This work of poet and Christian theologian Jerome Blanco holds the tension of devastation in the world with the promise of God’s restoration from Joel 3:

 “In those days and at that time,
    when I restore the fortunes of Judah and Jerusalem,
I will gather all nations
    and bring them down to the Valley of Jehoshaphat.
There I will put them on trial
    for what they did to my inheritance, my people Israel,
because they scattered my people among the nations
    and divided up my land.
They cast lots for my people
    and traded boys for prostitutes;
    they sold girls for wine to drink.


Shall I leave their innocent blood unavenged?
    No, I will not.”

The Lord dwells in Zion!                        (Joel 3:1-3, 21)




Read: “The Day of the Lord,” by Jerome Blanco



From the Artist:
Prophetic passages on God’s eventual judgment and restoration of the world can feel very distant for me. As I wrestled with the third chapter of Joel, I couldn’t help but think these coming mysteries were lifetimes away, especially considering all the weight of what is happening in the world today. Despite God’s dual promises of vengeance and restoration, I wonder about what good those promises have for those suffering now. Are the promises of abundant milk and wine (3:18) satisfying enough? What about the promises of God’s vengeance on the wicked (3:21)? The prophecies of Joel certainly deliver a sense of hope, but that hope that comes from a promised future sits in tension with the painful realities of the present.
In this poem, I recall the refugees that I met during a brief time I spent in Europe. Many expressed a hope in God despite terrible circumstances, but who were of course also weighed down with unimaginable despair. God was often what kept them going, but they weren’t without fear. In the text, I specifically refer to a man I met from Homs, Syria, who spoke to me about both these things.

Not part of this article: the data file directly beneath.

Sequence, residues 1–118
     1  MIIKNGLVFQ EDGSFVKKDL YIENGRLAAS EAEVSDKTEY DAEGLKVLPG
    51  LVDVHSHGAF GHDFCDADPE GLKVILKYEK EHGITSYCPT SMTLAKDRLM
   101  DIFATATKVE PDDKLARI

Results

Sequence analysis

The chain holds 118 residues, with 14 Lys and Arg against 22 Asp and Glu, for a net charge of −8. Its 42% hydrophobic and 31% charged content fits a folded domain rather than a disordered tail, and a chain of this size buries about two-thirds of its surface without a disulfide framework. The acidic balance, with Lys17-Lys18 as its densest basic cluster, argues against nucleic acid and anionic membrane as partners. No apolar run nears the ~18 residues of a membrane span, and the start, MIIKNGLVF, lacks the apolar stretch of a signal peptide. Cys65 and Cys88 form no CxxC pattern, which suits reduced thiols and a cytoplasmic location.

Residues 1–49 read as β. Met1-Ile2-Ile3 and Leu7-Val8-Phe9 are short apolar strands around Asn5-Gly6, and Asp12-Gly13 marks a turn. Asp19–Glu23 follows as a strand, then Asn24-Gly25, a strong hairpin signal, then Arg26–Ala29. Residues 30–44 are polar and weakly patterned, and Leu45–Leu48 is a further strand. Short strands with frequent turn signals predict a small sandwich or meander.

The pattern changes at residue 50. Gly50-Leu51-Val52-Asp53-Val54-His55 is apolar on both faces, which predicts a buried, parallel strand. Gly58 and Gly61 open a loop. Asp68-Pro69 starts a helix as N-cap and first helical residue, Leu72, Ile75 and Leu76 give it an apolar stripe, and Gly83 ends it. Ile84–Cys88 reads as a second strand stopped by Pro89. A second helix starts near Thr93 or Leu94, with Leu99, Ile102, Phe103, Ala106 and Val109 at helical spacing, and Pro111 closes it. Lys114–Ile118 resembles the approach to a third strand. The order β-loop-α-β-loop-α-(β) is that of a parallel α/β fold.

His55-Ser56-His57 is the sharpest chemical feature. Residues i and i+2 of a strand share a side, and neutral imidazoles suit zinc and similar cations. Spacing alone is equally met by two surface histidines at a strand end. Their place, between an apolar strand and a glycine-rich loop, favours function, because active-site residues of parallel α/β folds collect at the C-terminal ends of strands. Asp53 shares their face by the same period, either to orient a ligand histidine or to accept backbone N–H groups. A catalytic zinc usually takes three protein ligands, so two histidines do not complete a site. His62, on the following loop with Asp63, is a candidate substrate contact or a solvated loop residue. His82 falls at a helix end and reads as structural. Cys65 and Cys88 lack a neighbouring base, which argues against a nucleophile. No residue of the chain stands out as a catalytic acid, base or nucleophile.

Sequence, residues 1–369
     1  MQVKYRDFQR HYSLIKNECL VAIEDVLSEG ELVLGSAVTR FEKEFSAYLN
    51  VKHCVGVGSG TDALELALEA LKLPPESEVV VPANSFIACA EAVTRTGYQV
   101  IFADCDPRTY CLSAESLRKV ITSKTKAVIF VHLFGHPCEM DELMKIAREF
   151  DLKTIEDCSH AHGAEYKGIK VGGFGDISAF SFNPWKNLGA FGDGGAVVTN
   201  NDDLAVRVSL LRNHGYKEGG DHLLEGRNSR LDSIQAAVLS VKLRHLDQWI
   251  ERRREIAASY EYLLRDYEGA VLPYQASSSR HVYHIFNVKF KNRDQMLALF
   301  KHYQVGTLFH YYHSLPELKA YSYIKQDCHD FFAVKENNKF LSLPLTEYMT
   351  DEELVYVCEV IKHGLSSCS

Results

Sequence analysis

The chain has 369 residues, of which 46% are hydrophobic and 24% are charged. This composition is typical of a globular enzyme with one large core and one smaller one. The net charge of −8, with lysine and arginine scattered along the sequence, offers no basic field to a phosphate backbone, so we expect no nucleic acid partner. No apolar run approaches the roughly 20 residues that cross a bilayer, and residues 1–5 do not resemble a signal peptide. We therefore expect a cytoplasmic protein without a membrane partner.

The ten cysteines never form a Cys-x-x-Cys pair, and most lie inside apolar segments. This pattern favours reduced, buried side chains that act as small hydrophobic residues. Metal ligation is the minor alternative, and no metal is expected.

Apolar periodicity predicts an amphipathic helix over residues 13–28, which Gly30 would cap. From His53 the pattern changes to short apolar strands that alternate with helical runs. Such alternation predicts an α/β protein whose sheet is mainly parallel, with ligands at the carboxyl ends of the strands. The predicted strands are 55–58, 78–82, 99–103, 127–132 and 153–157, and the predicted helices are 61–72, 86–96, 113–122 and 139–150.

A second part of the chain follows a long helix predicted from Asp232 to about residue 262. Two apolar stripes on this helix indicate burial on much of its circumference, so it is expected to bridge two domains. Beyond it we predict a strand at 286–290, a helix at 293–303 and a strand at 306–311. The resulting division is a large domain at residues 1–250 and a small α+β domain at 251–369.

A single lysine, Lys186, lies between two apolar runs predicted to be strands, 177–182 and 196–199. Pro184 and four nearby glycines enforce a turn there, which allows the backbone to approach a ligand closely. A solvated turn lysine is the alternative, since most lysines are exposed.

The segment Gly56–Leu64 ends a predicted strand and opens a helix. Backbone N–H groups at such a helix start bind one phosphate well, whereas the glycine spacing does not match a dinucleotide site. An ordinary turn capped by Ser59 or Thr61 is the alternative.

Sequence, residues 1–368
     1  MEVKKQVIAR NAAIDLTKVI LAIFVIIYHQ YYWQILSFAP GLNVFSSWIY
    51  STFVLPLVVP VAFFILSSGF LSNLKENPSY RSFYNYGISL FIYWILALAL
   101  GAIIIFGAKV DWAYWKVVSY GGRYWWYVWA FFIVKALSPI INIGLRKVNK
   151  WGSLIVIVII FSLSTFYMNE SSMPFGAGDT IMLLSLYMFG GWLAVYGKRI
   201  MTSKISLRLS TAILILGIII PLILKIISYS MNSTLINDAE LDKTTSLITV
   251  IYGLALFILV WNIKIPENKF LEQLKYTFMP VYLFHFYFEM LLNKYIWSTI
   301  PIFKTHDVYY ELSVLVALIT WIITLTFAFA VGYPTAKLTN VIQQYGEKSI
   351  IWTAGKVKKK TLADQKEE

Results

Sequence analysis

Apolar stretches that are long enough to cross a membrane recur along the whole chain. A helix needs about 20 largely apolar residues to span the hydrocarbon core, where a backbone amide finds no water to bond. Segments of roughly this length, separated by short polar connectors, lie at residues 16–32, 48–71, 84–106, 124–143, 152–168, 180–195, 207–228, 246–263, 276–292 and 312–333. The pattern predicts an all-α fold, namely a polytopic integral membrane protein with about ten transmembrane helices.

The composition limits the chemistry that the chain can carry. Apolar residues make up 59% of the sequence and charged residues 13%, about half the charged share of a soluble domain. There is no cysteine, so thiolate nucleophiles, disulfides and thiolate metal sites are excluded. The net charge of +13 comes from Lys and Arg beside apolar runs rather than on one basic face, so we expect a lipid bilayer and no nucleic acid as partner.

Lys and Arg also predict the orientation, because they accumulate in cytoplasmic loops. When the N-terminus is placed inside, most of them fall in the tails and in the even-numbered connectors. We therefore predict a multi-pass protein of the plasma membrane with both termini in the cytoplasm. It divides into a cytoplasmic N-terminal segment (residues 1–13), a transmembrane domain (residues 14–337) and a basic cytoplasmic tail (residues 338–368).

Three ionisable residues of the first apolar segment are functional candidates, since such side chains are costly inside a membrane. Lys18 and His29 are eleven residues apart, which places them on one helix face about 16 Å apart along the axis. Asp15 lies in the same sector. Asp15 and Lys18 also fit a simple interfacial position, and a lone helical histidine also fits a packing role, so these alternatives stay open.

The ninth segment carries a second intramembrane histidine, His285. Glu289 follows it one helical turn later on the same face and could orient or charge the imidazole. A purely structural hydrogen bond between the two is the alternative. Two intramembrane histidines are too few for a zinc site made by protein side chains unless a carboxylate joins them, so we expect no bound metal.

The poem’s form is modeled on this not-yet-ness of God’s restoration. Excluding the final line, the poem is written in six stanzas of six lines each. Six, here, exemplifies that longing for completion—seven being the satisfying number of wholeness in God’s creation. The final line acts as a promised seventh line to the final stanza, and as a promised seventh stanza to the poem as a whole. The prophecies in Joel are already in our hands. We can hold to the truth that God’s promises will be fulfilled. And yet we are forced to wait restlessly for them in the meantime, as we wait for the day of the Lord—the day of judgment and restoration that is yet to come.



Jerome Blanco by Matthew Jones

Photo by Matthew Jones

Jerome Blanco is a graduate of Fuller Theological Seminary and is an MFA candidate at New York University’s Writers Workshop in Paris, where he is studying fiction writing. He was born in Manila but currently calls Southern California home.






This work was curated by Rebecca Testrake.

All materials are copyrighted by the artist and used here by permission.

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All scripture quotations, unless otherwise indicated, are taken from the Holy Bible, New International Version®, NIV®. Copyright ©1973, 1978, 1984, 2011 by Biblica, Inc.™ Used by permission of Zondervan. All rights reserved worldwide. The “NIV” and “New International Version” are trademarks registered in the United States Patent and Trademark Office by Biblica, Inc.™

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